How To Guides
- Childbirth & Education
- Legal Formalities
- Pensions & Benefits
- Property & Accommodation
Did you know...?
- Airports and Airlines Spain
- Paramount Theme Park Murcia Spain
- Corvera International Airport Murcia Spain
- Daily brief -Thursday 1 December 2016
- When Expat Eyes Are Smiling
- Meet Wincham at The Homes, Gardens & Lifestyle Show, Calpe
- QROPS 2014
- Spain Increases IHT in Valencia & Murcia
- Removals to Spain v Exports from Spain
- The Charm of Seville
- Gibraltar Relations
- Retiro Park : Madrid
- Wincham announce opening of Marbella office
- Community Insurance in Spain
- Calendar Girls
- Considerations when Insuring your Boat in Spain
- QROPS – HMRC Introduces changes that create havoc in the market place
- QROPS – All Change From April 2012
Developments in Spanish Employment Law
Following recent developments to Business law in Spain, employers will need to be careful when dismissing employees whaken absence from work due to illness. In certain cases they may be ordered to re-instate the employee if any such dismissal is found to be unlawful.
Under Spanish law dismissals on discriminatory grounds are void, which means that the employer can be forced to re-instate an employee if his dismissal is found to be unlawful. However, as far as illness is concerned, the Spanish Supreme Court (the highest Spanish Court) has always held that such dismissals may be unfair, in which case an employer can be forced to pay compensation, but they will not be void, (as rightly or wrongly they are not discriminatory), so re-instatement cannot be enforced.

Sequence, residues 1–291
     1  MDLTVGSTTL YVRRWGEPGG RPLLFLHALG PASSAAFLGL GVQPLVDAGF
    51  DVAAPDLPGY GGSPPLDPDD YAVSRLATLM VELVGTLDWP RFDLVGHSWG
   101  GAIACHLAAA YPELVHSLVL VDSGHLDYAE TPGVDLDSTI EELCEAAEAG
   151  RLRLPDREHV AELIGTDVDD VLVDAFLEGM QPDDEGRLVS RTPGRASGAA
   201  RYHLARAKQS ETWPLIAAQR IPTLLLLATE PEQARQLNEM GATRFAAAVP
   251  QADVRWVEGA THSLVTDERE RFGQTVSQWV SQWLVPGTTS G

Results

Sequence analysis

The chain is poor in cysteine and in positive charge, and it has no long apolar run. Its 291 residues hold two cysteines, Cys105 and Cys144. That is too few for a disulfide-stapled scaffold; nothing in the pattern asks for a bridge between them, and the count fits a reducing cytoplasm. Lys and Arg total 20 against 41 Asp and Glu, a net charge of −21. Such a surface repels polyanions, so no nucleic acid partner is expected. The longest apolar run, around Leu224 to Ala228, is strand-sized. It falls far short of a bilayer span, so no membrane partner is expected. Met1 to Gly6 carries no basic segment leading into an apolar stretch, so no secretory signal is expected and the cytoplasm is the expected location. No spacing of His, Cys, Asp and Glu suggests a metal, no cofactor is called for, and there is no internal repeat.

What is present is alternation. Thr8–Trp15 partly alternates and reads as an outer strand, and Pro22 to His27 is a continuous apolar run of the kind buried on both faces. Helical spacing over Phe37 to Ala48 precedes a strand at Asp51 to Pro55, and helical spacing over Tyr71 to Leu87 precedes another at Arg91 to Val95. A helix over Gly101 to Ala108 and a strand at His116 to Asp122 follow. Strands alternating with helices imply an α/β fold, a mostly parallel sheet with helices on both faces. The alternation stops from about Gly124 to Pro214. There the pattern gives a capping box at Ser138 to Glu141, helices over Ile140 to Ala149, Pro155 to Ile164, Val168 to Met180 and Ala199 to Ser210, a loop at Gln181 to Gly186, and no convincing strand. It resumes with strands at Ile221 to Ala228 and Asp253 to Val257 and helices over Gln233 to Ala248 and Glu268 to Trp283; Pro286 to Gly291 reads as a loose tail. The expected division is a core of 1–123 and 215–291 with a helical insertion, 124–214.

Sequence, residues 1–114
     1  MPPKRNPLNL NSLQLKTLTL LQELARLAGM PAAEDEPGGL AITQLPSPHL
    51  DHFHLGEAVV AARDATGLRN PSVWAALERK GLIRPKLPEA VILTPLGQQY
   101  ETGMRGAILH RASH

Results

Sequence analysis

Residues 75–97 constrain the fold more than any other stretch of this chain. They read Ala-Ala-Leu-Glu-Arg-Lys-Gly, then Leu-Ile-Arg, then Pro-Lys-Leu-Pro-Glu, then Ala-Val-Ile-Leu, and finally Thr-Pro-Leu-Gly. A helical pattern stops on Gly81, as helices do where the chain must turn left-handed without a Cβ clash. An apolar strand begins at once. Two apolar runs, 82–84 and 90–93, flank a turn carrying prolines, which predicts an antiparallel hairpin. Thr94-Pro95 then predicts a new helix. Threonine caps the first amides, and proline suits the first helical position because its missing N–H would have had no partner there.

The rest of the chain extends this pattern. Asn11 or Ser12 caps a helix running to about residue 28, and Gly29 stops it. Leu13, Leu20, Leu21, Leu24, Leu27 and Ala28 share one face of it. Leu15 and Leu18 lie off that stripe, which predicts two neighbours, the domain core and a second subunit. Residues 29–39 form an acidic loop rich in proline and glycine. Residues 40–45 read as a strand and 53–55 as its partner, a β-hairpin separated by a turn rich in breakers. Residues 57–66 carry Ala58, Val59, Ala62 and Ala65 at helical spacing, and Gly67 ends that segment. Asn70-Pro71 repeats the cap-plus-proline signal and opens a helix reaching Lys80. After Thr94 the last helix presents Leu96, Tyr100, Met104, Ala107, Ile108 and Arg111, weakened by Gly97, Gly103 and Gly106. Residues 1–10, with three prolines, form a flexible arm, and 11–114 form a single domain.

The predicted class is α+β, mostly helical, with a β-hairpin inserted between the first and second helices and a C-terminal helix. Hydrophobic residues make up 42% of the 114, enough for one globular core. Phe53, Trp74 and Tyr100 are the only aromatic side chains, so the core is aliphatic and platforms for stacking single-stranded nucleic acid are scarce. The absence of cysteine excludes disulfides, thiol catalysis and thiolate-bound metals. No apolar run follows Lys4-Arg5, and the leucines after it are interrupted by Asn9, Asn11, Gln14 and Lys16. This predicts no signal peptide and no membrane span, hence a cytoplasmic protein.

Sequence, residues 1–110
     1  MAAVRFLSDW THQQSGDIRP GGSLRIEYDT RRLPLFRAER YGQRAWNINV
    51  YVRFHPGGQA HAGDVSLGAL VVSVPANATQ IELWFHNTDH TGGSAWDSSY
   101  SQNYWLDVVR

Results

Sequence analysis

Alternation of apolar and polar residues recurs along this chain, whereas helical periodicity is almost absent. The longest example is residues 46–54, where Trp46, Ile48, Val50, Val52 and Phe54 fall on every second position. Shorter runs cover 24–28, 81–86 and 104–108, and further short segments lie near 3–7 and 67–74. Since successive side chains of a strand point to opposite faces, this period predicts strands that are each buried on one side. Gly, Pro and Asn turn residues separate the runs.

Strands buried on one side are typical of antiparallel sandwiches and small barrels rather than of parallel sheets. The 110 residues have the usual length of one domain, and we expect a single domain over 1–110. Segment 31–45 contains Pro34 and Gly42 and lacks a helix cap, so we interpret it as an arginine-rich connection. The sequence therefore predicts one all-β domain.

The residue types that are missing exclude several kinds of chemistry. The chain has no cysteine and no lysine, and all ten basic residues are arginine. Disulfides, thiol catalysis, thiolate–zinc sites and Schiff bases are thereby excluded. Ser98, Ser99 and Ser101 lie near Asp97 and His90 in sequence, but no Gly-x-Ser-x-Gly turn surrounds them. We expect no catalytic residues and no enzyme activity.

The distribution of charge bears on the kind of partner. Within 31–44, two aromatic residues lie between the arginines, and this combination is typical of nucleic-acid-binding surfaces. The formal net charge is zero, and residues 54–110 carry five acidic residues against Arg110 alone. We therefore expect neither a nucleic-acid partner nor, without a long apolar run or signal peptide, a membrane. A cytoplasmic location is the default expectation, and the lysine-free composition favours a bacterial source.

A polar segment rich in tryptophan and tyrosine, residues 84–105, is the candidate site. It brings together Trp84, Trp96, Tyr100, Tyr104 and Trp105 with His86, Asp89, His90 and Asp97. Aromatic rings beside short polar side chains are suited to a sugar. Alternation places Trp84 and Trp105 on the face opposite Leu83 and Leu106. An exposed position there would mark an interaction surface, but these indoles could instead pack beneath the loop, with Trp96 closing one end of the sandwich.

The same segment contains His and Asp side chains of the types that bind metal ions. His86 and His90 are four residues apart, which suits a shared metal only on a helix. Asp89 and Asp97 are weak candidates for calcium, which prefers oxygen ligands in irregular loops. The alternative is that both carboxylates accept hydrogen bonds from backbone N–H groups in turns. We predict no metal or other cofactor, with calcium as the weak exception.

Some of the more junior Spanish Courts have recently indicated that they may be willing to change their stance on this position. One such court has recently ruled that the dismissal of an employee with cancer because of his poor attendance record was void. As such the employer was ordered to re-instate him rather than just paying compensation. The Court concluded that if an employee's sickness constitutes a "social stigma", this constitutes unlawful discrimination because Article 14 of the Spanish Constitution says it is discriminatory to treat somebody less favourably as a result of their "personal or social circumstances". However, the court did not go as far as defining what was deemed to be a "social stigma", but did say that a dismissal could be discriminatory in this context if the dismisall decision was based exclusively on the employee's illness. In this example, the employee was unable to rely on the disability discrimination ruling, as cancer is not classified as being a disability under the terms of the Spanish Constitution.
Latest News & Stories
- Spanish unemployment sees first November rise in three years
- US developer planning mega-resort outside Madrid
- Spain to hike taxes on tobacco, alcohol and soft drinks to raise €8 billion
- Spain PM says must maintain policy of fiscal consolidation
- Bullish Spanish opposition calls on government to repeal “gag law”
- Spain's consumer prices rise 0.7 pct in Oct
- Lidl opens pop-up restaurant in Madrid
- Spanish economy to maintain growth rate in fourth quarter - economy minister
- 80% of Spaniards aged under 30 are still living with their parents
- Why does Spain collect less income tax than its EU neighbors ?
- Claiming Unemployment Benefits in Spain
- Benefits in Spain and 'La Ley de Dependencia'
- Employee rights & working conditions in Spain
- Claiming Spanish Benefits in Spain